Chalk Talk: The brilliant teachers who bring a tear to an old hack's eye
Richard Garner has been Education Editor of The Independent for 12 years and writing about the subject for 34 years. Before becoming a journalist, he worked as a disc jockey in London pubs and clubs and for a hospital radio station. His main hobbies are cricket (watching these days) and theatre. On his days off, he is most likelt to be found at Lord’s or the King’s Head Theatre Club.
Thursday 03 November 2011
The pupils were nervously crouching under their desks, hoping all the noise would go away. Meanwhile, their teacher was banging as hard as he could on his desk to create a climate of fear.
No, it was not some awful return to the world of Dickens' infamous Wackford Squeers, but one of this year's Teaching Awards winners trying to simulate a Second World War air raid in his classroom. In a separate lesson, he had his pupils all lined up like actors from the TV series Crime Scene Investigation to inspect a body that turned out to be Thomas Becket's.
The children loved it – which was one reason why Richard Rodd, a history teacher from Tendring Technology College in Frinton-on-Sea, Essex, won the award for history teacher of the year. Given the chance to thank all those who had helped him achieve the award, he included Hitler and Stalin on the list for good measure.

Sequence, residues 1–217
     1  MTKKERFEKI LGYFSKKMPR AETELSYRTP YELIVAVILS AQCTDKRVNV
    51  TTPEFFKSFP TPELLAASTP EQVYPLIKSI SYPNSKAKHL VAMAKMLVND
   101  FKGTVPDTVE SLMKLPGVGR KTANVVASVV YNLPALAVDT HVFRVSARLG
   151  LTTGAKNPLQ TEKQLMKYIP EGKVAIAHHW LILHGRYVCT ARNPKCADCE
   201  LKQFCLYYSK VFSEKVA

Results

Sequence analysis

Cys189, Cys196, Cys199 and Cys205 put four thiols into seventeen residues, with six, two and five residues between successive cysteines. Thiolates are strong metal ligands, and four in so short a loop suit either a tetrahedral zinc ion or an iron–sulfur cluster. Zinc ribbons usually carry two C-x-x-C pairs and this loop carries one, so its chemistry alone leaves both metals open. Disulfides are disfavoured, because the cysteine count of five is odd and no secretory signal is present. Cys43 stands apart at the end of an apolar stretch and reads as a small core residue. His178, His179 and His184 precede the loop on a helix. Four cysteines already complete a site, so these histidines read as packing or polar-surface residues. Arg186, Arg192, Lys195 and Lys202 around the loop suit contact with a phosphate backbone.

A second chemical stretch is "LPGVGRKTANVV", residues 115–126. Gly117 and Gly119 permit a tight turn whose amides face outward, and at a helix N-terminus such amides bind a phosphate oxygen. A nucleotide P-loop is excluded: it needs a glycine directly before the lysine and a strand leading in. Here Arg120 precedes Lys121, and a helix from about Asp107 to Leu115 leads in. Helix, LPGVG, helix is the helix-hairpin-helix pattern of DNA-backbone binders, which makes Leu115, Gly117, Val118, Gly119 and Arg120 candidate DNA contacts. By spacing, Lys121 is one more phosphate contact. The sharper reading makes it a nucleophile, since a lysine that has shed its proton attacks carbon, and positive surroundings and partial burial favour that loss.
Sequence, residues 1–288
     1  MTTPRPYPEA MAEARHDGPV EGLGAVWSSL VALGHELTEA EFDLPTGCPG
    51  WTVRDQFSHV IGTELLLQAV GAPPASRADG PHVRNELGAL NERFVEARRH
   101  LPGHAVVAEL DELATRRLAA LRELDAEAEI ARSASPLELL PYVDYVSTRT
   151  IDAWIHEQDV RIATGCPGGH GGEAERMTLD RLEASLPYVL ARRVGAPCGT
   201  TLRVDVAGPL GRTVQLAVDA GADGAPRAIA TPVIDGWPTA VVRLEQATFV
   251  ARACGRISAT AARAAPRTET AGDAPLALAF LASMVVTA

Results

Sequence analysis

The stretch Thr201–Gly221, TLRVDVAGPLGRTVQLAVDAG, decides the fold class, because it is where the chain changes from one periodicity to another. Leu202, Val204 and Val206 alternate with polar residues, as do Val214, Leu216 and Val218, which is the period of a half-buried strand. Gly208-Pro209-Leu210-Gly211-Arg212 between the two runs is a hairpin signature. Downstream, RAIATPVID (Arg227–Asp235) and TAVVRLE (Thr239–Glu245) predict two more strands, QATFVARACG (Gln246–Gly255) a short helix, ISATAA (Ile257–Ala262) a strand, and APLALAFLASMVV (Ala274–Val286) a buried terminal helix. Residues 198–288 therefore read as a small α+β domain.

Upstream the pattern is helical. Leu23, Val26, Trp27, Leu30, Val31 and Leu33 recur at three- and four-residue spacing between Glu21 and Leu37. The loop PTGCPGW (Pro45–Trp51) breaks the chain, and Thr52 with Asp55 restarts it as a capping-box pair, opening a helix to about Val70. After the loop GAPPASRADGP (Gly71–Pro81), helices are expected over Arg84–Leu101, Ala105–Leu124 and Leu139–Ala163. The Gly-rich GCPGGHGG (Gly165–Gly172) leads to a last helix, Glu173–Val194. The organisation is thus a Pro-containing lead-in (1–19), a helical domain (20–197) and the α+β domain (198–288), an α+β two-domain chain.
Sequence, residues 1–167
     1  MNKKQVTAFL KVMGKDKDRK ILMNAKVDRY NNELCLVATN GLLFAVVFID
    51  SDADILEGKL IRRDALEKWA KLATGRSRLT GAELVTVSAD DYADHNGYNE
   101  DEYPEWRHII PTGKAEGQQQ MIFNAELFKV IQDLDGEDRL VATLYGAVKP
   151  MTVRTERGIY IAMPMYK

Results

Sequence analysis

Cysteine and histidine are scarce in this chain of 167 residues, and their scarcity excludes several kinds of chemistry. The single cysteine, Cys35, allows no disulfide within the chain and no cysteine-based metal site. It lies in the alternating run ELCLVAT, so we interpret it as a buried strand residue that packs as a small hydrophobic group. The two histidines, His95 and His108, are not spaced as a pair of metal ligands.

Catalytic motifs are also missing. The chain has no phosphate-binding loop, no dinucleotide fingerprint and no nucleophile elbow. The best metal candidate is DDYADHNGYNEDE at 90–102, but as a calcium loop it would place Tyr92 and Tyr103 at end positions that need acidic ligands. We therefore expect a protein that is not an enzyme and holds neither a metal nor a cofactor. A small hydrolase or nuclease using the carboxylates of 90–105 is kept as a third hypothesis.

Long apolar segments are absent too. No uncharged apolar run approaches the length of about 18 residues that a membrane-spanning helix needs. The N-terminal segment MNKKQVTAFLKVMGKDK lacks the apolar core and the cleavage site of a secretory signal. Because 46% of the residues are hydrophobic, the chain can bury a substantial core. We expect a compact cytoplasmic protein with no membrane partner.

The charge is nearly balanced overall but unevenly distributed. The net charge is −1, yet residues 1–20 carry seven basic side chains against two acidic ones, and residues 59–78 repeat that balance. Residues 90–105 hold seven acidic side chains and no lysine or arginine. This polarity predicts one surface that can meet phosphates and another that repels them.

Then there was Simon Roberts, a special-needs teacher who dressed in a tutu as he sought to convey a love of ballet to his pupils at Selworthy School, Taunton.
Quite what Ofsted, the education standards watchdog, would have made of it had they dropped in unannounced on one of the lessons is open to conjecture. In their old tick-box mentality days, some of what was going on might well have breached health and safety standards. Quite what would happen to any of these teachers if they transferred to a school with a rigid insistence on teaching to the test, I don't know.
The point is, though, these schools have established good standards by allowing the modern-day equivalents of Miss Jean Brodie to flourish in their classrooms.
Thank goodness we are allowed to see that not all that goes on in state schools is as dull as ditchwater, through the medium of the Teaching Awards – now rescued through its sponsorship by Pearson's and still screened on BBC 2. The last time I remember being on the verge of breaking into tears in a cinema or theatre was when I went to see Cry Freedom. This grizzled old hack felt a similar emotion welling up inside as we saw just what these teachers had achieved for their pupils.
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